Beauty of Far East Switzerland
"A nice picturesque village"
Not as fashioned as St Moritz, not as “hype” as Davos, rather touristy, but a real nice place nested in the Engadine Alps, where you can start beautiful hikes to passes and summits.
On physical geography books or maps, Pontresina is located in the Engadine Alps, but in administrative or political maps it is in the Graubünden canton (The German name is also used in English, apparently, in the local Rhetic Romanche language it is called Grischun, in Italian, Grigioni, Grisons, in French, etc); it is a special place, quite far from the main roads, deep far East Switzerland, between Italy and Austria, where the mountains, even invaded by numerous ski and summer resorts with their ski lifts and cable cars, have kept a real mountain character, and in the valleys between the high massifs, not far from the glaciers, are nested a few picturesque, colourful villages, and Pontresina is one of them!
"A few little gems"
The mountains are of course for me the main reason for a trip there, but the village, very well located as “base camp” for planning hikes to the high meadows and glaciers is a really picturesque place, a bit like in old books, and a stroll in the little streets bordered by old farmhouses will reward you with beautiful views, on houses and mountains, and walking a bit further, you will discover some beauties like the small Ste Maria church, a well hidden gem, surrounded by a moving, exotic cemetery.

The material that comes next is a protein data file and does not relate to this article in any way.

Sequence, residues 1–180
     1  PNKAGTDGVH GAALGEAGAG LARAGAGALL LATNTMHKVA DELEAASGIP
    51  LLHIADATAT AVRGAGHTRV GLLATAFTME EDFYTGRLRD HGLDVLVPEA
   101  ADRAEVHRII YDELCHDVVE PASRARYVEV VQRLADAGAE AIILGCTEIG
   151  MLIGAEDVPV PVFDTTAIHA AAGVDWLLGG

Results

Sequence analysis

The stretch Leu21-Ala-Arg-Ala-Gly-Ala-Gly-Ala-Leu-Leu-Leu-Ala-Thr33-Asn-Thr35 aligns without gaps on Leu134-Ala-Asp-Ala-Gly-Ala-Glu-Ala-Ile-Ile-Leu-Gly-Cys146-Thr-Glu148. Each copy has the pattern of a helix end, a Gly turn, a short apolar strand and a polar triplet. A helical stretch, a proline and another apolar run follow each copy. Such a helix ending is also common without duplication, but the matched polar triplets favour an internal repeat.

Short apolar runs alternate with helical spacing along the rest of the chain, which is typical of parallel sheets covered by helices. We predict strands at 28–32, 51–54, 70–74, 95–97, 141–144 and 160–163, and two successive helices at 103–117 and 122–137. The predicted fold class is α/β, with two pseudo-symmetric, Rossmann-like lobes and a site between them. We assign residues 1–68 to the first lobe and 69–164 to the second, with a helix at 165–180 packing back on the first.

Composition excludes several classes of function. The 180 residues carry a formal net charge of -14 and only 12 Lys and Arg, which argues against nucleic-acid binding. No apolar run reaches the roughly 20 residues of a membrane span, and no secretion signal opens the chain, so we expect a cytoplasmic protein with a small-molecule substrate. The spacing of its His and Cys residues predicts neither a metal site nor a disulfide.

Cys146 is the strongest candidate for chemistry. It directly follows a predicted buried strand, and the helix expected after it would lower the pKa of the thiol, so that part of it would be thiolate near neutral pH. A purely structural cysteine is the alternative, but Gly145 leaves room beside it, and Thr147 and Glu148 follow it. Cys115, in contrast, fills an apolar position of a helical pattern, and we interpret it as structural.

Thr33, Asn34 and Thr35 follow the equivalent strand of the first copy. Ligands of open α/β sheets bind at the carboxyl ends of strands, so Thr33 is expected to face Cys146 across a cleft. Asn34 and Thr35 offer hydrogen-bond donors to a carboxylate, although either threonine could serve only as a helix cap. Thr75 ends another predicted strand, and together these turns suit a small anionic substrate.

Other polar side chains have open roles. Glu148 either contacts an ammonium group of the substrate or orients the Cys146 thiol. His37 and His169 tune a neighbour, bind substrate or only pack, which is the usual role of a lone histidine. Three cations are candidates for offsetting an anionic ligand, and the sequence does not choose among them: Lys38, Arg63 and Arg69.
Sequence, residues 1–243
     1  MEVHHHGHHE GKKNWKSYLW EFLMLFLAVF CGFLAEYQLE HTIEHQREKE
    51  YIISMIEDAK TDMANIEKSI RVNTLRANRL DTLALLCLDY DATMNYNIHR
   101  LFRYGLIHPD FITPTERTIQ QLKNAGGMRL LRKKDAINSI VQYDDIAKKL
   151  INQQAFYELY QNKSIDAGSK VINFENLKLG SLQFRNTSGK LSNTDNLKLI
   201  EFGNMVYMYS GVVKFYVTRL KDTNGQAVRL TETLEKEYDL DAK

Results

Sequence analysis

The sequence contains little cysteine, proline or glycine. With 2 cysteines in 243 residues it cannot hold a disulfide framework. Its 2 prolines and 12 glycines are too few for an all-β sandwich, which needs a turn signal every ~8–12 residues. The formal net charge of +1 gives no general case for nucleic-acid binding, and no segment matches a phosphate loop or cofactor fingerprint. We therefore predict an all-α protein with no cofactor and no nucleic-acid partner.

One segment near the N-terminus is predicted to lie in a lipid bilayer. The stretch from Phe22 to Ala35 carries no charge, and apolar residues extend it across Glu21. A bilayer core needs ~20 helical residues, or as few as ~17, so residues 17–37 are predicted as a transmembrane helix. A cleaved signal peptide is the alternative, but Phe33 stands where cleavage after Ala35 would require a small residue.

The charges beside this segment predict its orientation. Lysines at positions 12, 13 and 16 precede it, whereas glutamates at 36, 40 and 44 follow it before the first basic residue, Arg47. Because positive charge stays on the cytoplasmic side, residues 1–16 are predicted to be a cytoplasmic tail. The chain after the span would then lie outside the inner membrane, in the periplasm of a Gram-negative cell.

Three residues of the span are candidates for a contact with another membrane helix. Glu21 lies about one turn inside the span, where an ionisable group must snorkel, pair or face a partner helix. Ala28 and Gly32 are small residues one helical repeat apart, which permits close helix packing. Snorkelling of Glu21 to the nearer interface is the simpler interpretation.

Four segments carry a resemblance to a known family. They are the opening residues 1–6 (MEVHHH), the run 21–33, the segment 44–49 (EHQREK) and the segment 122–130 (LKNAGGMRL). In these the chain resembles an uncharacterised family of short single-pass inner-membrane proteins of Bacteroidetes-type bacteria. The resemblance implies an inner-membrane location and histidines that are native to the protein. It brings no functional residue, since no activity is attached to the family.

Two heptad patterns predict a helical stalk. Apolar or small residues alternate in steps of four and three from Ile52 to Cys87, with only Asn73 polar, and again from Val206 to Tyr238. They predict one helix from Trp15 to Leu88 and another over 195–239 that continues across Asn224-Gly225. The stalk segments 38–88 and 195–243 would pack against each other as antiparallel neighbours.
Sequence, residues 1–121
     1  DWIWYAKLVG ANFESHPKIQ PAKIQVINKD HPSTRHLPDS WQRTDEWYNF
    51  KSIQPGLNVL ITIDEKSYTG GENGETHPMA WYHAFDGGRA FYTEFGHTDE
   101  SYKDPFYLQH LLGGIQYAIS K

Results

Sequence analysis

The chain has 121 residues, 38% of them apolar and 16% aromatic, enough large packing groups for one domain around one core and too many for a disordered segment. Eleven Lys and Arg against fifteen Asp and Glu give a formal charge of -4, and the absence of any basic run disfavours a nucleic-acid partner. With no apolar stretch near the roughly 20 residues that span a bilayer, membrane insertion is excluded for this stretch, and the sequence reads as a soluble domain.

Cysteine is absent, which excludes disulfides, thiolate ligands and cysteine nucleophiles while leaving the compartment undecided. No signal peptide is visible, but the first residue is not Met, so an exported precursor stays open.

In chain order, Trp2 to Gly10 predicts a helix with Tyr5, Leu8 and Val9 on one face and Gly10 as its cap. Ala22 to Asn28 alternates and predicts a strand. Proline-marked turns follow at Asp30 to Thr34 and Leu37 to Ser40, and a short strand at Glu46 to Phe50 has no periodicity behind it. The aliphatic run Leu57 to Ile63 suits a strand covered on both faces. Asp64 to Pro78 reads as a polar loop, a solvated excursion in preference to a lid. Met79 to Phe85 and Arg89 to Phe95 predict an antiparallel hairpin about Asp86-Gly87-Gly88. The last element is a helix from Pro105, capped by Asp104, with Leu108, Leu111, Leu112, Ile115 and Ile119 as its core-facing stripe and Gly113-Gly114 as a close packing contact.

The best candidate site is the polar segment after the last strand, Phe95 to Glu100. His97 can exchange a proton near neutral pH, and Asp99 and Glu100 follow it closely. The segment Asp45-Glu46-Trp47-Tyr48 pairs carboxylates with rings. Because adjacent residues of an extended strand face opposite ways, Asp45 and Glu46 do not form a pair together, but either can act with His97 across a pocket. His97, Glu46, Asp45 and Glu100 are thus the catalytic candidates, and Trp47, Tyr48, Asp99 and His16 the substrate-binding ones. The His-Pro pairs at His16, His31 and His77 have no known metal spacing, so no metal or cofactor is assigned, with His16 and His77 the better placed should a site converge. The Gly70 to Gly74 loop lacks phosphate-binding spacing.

I post here a few tips about hikes and trips in the mountains, but most of mountain pictures are in the Grishun/Graubünden page
"Proud to be Romanche"
The area is also a special one for its people and language, still surviving in the globalised world: Rhetic Romanche language, a Latin language, a very ancient form, spoken nowadays by less than 50.000 people, but still an official language in Switzerland.
I did not learn Rhetic Romanche language during my stay in Pontresina or Engadine, only a few words, like “Chesa”, which is not “cheese”, ”Käse”, “church”, no it means “house” and many houses have a name and it is written on them, in more or less artistically way. To me that demonstrates some pride to belong to a community. . . .